Study: How much do profitable US companies pay in federal corporate taxes?

Kelven Kai Manuel
May 23, 2024
In 2017, federal policymakers passed the Tax Cuts and Jobs Act (TCJA), which included provisions that reduced the federal corporate tax rate from a top rate of 35 percent to a single rate of 21 percent and eliminated the corporate alternative minimum tax. As components of the TCJA are due to expire in 2025, policymakers should reconsider whether profitable corporations are doing their part to fund crucial public services that everyday folks across the country value and count on.

A report by the Institute on Taxation and Economic Policy (ITEP) asserts that many profitable U.S. corporations pay a lower effective corporate income tax rate than the federal tax rate of 21 percent, mainly because of the special breaks and loopholes that have been left in place or introduced in the TCJA.

ITEP estimates the federal corporate taxes paid from 2018 to 2022 by the largest profitable corporations in relation to their U.S. profits. According to the report:

  • The 342 companies studied paid an average effective income tax rate of only 14.1 percent during that five-year period. In other words, they paid 14.1 percent of their U.S. profits in federal corporate taxes;
  • 87 companies paid corporate effective tax rates less than 10 percent;
  • 55 paid effective corporate tax rates less than 5 percent, and
  • 109 corporations paid no federal corporate tax in at least one of the five years analyzed.
Like individuals, families, and other kinds of businesses, corporations pay taxes to fund important things like roads, bridges, schools, health care, and other public services that improve the lives of everyday folks and promote the overall well-being of society. Corporate taxes are the third largest source of federal revenue, raising $425 billion in FY 2022, which was 8.7 percent of all federal revenues. Federal corporate tax revenues have shrunk substantially, measured as a share of the nation’s economy, over time.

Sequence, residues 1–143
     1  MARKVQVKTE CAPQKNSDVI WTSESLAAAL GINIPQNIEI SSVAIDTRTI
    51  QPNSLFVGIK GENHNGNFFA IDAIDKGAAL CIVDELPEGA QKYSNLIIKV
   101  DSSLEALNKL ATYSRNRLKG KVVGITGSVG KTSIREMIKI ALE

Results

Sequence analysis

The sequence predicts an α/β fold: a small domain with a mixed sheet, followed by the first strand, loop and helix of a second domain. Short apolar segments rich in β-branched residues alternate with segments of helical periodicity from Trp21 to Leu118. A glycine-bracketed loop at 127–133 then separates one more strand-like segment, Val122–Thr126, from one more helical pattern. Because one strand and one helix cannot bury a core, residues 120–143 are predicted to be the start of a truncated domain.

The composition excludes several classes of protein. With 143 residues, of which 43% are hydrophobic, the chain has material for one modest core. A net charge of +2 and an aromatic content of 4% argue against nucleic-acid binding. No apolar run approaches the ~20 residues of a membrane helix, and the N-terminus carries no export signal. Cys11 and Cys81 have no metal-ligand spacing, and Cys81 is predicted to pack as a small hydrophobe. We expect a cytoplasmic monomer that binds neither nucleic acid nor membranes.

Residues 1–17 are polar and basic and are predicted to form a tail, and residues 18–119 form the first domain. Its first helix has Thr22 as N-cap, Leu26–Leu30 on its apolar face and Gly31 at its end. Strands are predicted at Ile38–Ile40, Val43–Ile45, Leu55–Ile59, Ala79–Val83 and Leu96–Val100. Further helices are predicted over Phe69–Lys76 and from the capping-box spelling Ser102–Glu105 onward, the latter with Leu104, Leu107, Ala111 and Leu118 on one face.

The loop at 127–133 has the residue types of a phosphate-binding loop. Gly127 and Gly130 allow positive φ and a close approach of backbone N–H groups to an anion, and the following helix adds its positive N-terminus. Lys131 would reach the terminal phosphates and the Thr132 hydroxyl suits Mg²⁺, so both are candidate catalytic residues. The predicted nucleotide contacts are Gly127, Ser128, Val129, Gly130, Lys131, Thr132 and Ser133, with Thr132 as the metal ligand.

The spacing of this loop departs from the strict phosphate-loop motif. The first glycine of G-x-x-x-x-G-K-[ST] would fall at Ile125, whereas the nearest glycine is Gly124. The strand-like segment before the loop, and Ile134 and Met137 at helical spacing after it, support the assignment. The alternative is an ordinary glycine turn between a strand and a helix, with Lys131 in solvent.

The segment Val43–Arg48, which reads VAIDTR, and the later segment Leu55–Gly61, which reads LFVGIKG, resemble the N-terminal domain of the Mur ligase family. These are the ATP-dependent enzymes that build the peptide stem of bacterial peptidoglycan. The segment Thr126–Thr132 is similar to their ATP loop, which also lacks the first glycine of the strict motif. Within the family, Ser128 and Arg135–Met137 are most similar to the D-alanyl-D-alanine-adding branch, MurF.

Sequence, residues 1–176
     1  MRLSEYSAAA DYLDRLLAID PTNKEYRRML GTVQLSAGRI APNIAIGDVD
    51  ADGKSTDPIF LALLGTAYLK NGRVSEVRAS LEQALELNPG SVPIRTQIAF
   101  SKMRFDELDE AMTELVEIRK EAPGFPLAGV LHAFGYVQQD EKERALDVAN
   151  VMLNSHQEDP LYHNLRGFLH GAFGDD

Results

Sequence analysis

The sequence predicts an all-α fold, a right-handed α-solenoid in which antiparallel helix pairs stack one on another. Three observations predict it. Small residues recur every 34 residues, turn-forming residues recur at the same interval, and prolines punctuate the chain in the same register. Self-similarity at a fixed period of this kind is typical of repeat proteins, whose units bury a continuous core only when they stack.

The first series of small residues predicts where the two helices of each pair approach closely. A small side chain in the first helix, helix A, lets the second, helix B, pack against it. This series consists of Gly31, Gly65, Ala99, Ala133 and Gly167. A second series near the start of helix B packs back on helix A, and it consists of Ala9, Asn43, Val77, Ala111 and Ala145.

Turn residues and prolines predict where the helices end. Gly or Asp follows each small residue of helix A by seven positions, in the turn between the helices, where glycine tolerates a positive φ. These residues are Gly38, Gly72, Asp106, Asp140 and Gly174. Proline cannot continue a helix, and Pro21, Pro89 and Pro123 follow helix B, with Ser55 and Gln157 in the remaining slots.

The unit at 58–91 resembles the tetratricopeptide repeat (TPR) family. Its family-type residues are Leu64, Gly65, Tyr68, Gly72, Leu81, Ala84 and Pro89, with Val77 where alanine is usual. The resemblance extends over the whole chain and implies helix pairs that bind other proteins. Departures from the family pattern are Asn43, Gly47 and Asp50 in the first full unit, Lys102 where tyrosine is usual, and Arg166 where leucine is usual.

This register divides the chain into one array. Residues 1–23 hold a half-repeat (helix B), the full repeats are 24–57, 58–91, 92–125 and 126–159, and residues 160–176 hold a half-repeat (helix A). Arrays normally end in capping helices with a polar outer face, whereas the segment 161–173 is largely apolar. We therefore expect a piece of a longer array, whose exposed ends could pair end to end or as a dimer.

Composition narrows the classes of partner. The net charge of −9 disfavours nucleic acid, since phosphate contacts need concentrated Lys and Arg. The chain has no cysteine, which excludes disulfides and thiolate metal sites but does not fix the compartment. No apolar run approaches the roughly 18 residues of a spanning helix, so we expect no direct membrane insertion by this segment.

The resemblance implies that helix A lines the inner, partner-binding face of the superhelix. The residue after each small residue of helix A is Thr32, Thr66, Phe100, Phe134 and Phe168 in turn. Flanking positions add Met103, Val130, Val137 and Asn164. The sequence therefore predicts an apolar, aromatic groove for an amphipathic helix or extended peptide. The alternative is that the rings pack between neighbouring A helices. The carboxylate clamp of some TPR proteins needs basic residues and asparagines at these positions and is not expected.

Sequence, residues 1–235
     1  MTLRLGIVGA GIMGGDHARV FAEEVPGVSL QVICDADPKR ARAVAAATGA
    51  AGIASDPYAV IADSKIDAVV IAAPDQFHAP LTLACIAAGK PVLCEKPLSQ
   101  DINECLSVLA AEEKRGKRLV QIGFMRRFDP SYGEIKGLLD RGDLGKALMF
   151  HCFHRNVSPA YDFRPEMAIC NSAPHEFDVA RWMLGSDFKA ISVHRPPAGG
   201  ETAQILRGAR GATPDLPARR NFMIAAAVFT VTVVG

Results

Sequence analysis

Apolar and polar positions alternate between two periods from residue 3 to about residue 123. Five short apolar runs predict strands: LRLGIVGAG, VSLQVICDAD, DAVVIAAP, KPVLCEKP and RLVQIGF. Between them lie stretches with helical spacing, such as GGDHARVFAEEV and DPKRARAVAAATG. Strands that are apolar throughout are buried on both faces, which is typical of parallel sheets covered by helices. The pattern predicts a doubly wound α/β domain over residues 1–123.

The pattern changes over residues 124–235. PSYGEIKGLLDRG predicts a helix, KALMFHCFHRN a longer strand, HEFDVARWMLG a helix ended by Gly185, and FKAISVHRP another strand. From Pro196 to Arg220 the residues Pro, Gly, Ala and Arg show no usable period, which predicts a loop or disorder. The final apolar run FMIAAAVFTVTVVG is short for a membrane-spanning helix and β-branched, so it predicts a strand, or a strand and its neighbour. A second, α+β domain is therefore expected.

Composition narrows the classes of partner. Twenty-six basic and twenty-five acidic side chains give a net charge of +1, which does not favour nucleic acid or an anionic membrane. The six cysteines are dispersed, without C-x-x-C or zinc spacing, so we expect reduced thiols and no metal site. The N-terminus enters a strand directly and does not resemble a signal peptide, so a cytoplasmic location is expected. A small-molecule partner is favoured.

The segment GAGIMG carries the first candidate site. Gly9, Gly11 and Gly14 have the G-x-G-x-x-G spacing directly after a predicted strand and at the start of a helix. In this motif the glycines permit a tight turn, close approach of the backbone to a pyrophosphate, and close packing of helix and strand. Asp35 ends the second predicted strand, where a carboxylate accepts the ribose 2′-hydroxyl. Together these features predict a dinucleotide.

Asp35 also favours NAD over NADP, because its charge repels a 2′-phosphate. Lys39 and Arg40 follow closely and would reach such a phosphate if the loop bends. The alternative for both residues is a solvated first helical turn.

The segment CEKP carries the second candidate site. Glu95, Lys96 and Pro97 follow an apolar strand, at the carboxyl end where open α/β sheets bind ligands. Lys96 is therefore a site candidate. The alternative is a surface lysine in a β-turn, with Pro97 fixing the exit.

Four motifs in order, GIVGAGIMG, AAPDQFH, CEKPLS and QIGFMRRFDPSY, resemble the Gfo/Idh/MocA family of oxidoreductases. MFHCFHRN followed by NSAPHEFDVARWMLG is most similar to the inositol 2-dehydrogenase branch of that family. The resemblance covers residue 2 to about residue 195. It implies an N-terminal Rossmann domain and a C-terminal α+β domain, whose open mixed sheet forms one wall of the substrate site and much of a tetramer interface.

The amount of corporate tax a company pays is based on how much profit they make in a year. Businesses structured as corporations pay federal corporate taxes based on the amount of revenues they bring in, minus various expenses of doing business such as wages and employee compensation, depreciation, and the cost of various inputs that went into making their products.

The ITEP report points to the methods allowed in our current tax laws that corporations use to reduce their taxes.

  • Accelerated depreciation allows companies to write off the cost of investments in equipment faster than the equipment loses value. Under the TCJA, companies can write off the full cost of investments immediately. 
  • Tax breaks for stock options, which is a type of compensation typically paid to executives.
  • Other tax credits such as the research tax credit, which proponents argue promotes innovation but may simply reward companies for research they would have done regardless.
  • Offshore profit shifting is a means by which companies move the apparent location of their profits from the U.S. to lower-tax countries.
This report shows that the rules in place are not working very well to make sure companies pay their share of taxes to fund important public services. This situation raises concerns about the effectiveness of the existing tax framework and highlights the need for further reforms.

In 2022, President Joe Biden signed a new law that aims to reduce the amount of taxes corporations can avoid paying. The law includes a minimum corporate tax and increased funding for enforcing tax laws. The hope is that these measures are a first step in substantial reforms so that corporations contribute more to fund essential public services and the overall well-being of the country.